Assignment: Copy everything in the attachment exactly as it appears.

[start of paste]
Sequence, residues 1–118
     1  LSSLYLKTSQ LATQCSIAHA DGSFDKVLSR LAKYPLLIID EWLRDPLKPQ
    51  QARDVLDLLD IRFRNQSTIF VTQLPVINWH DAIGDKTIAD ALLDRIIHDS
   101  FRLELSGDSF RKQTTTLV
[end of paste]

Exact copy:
Sequence, residues 1–118
     1  LSSLYLKTSQ LATQCSIAHA DGSFDKVLSR LAKYPLLIID EWLRDPLKPQ
    51  QARDVLDLLD IRFRNQSTIF VTQLPVINWH DAIGDKTIAD ALLDRIIHDS
   101  FRLELSGDSF RKQTTTLV